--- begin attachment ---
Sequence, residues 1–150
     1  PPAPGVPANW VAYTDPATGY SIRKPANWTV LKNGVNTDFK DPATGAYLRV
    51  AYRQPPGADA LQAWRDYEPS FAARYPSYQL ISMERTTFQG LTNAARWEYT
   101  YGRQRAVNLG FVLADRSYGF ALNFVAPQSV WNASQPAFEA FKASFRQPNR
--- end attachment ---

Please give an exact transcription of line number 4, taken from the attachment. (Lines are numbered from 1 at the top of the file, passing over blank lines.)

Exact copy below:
   101  YGRQRAVNLG FVLADRSYGF ALNFVAPQSV WNASQPAFEA FKASFRQPNR